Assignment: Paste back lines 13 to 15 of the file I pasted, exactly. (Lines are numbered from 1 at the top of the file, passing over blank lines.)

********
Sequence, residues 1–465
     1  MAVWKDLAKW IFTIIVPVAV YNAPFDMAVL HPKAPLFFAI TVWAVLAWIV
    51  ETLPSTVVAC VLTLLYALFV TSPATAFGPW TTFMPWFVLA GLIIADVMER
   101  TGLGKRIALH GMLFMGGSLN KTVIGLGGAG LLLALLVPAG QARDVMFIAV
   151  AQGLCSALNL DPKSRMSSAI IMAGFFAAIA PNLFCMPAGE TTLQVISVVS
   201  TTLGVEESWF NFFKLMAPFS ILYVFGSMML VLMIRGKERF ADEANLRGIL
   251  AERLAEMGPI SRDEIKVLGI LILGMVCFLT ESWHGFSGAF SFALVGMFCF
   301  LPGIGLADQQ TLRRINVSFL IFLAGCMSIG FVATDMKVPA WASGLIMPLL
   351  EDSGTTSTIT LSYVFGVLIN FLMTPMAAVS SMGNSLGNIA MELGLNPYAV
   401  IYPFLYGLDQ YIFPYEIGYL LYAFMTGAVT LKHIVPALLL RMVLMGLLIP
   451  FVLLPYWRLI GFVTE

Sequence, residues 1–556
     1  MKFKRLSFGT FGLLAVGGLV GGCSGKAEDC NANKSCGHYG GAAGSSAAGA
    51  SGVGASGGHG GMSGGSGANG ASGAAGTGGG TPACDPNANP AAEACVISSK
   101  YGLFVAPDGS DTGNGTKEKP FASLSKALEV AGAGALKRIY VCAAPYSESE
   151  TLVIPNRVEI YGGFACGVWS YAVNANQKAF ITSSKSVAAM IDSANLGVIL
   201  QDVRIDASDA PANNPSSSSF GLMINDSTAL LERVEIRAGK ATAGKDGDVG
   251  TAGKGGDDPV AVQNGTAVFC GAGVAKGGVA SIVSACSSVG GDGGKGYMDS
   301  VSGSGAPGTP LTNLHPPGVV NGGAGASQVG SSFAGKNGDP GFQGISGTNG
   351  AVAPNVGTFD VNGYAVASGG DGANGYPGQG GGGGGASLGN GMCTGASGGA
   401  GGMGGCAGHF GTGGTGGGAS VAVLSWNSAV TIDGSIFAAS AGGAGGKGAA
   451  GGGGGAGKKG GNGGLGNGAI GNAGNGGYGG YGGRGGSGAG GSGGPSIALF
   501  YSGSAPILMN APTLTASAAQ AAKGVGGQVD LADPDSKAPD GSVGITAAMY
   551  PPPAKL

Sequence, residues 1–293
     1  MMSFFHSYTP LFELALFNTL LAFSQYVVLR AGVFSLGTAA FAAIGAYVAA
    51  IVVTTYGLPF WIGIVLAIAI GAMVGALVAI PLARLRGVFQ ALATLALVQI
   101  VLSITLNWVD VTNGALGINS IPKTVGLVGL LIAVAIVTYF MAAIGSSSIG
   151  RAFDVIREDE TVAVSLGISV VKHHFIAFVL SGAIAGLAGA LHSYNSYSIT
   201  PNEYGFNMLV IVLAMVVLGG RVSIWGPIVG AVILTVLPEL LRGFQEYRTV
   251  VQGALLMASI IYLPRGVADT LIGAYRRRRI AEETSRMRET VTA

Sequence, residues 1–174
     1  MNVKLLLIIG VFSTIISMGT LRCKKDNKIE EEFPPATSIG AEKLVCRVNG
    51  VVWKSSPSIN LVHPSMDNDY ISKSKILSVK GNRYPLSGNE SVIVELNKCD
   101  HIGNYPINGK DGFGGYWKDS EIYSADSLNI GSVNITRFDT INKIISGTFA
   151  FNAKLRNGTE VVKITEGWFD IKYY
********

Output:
     1  MKFKRLSFGT FGLLAVGGLV GGCSGKAEDC NANKSCGHYG GAAGSSAAGA
    51  SGVGASGGHG GMSGGSGANG ASGAAGTGGG TPACDPNANP AAEACVISSK
   101  YGLFVAPDGS DTGNGTKEKP FASLSKALEV AGAGALKRIY VCAAPYSESE